From an instrument point of view, the capsules were particularly well equipped: each one carried a mast fitted with a camera, a complete weather station and a geophysical package comprising two seismometers, a magnetometer, a radar set, an electric field sensor and temperature probes. The telecoms system was installed to make geodesic measurements, and there was also an onboard microphone provided by the Planetary Society for a teaching initiative.
The SEISM seismometer
One of the main objectives of the NetLander mission was to determine the internal structure of Mars. To this end, the 4 stations would be directed to precise points on the Martian surface to establish a sensory network to triangulate any quakes. Three stations would be deployed roughly 1,000 km apart in a triangular configuration, with the fourth being sent to the antipodes.
The identical stations were fitted with two seismometers, one sensitive to short-period seismic signals (100 mHz to 50 Hz), the other able to measure long-period signals (10 mHz to 10 Hz), with a very-long-period output for measuring tides. It is this feature that is of particular interest here, given that SEIS, the InSight seismometer, has inherited its characteristics.
Known as SEISM, this seismometer only covered 2 Very Broad Band axes (one horizontal, one vertical) placed head to toe, while SEIS has three. The missing broad band axis was replaced by one of the short-period seismometer axes, enabling it to locate tremors in 3 dimensions.
The pendulums were enclosed in an evacuated sphere 18 cm in diameter which provided some protection against the particularly large temperature variations that occur on the surface of Mars. Temperature, pressure and inclination sensors were included in the package.
The sensitivity of the SEISM pendulums was already high and comparable to InSight, but the conditions of installation would have lowered the precision compared to InSight. The NetLanders had no deployment mechanism capable of placing the seismometer on the surface of Mars, and it was therefore deployed on the ground via 3 apertures in the floor of the probe, through which the legs could descend. The instrument would then be detached from the structure of the lander capsule. If this sophisticated system were to fail, the seismometer would then have been compelled to function as and where it was—i.e. inside the lander capsule—which would have been unsatisfactory due to ineffective contact with the ground (the famous coupling by which geophysicists set so much store).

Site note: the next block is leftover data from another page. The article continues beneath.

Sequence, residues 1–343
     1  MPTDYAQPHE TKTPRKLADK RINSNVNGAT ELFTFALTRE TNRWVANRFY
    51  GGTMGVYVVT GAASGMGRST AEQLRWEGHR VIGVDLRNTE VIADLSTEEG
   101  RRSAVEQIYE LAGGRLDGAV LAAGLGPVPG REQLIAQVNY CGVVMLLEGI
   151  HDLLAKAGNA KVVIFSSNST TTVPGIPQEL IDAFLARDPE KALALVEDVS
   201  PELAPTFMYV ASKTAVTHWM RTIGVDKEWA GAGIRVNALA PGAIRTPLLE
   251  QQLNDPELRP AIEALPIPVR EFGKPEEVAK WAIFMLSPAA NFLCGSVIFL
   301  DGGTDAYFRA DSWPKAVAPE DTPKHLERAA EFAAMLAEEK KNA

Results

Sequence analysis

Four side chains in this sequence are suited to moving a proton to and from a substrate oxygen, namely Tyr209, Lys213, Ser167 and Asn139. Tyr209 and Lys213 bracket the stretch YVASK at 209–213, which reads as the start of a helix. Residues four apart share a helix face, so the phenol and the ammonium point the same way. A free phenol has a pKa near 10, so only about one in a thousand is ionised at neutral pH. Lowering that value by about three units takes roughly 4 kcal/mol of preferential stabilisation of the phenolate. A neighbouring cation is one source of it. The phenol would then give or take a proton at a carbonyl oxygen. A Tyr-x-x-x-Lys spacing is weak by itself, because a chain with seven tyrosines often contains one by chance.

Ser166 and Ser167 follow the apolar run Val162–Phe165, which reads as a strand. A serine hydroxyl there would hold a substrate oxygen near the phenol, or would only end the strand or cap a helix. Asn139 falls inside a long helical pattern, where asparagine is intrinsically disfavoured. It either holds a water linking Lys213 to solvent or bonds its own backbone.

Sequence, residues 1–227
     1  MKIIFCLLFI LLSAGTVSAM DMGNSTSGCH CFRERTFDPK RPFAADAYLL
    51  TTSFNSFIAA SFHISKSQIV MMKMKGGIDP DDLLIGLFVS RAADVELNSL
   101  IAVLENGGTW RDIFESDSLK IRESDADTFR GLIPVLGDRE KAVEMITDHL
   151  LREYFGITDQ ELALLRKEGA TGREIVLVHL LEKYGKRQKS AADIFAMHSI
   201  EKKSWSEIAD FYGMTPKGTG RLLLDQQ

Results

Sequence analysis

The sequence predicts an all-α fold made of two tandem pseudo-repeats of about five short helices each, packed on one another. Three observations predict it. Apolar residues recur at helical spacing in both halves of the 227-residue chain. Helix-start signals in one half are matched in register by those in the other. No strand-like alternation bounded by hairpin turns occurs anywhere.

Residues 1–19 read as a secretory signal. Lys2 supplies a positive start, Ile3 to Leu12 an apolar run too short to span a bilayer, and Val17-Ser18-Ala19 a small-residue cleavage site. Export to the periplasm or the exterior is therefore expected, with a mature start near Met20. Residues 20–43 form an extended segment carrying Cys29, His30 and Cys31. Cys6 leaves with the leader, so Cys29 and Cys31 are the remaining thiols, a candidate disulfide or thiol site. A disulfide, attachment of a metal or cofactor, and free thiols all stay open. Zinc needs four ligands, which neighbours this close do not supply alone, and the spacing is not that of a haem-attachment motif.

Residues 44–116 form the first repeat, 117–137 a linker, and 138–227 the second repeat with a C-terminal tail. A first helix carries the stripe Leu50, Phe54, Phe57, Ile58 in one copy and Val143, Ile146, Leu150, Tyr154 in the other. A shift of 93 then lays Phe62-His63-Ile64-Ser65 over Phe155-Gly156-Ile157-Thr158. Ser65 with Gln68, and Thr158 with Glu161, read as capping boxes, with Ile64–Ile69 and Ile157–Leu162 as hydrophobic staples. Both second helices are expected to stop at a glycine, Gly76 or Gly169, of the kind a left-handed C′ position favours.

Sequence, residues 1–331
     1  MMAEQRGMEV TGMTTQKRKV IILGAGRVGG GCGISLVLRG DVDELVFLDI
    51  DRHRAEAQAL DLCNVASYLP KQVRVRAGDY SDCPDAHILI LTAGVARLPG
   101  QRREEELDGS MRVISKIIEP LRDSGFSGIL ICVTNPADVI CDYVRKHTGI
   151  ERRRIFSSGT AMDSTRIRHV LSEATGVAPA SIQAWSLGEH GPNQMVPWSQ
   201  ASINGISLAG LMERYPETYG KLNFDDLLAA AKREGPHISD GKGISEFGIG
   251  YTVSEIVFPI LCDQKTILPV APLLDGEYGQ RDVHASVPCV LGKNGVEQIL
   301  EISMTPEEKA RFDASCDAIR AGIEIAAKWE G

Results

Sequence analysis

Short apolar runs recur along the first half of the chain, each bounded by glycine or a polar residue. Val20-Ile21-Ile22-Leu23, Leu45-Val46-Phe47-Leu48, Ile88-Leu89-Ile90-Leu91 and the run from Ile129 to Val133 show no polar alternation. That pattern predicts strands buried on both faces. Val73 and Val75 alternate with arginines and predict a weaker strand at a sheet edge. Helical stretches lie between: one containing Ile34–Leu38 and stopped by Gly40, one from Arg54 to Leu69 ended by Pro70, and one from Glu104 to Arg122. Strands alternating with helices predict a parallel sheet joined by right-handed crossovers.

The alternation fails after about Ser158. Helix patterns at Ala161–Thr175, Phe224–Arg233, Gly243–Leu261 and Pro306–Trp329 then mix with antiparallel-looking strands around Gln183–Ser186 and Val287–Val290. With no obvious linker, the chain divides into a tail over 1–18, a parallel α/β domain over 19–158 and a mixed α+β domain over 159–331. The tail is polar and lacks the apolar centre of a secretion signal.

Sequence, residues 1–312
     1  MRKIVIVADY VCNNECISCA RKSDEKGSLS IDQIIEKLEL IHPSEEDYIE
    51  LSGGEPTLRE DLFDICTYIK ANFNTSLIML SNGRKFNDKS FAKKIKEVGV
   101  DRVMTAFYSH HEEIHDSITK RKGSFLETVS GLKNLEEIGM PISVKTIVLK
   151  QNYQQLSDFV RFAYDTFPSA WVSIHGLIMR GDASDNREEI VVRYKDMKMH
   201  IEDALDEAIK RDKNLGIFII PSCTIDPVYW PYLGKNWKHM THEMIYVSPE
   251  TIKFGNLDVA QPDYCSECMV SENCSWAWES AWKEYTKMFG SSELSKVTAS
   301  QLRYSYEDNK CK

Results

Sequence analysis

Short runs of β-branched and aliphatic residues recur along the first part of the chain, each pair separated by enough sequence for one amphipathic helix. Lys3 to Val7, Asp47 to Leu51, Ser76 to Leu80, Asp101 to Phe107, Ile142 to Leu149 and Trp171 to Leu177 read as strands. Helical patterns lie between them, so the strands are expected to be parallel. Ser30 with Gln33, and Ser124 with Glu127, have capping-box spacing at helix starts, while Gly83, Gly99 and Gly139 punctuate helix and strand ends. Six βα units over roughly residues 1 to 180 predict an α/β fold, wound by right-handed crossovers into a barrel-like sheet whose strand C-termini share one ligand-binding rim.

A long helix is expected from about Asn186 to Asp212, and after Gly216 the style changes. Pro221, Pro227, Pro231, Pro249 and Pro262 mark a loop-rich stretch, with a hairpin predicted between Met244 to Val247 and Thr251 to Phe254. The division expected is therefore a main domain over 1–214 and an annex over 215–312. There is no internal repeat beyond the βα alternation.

SEISM was supported in its mission by a miniaturized short-period 3-axis seismometer. Etched in a silicon wafer, this microseismometer was sensitive to ground motion characterized by fairly high frequencies (0.1 Hz to 100 Hz). This frequency band is not optimal for surface waves generated by distant quakes, but it is for regional and local seismic activity.
As SEISM was to SEIS, so the NetLander short-period seismometer was a precursor to the short-period (SP) seismometer that is now on the InSight probe.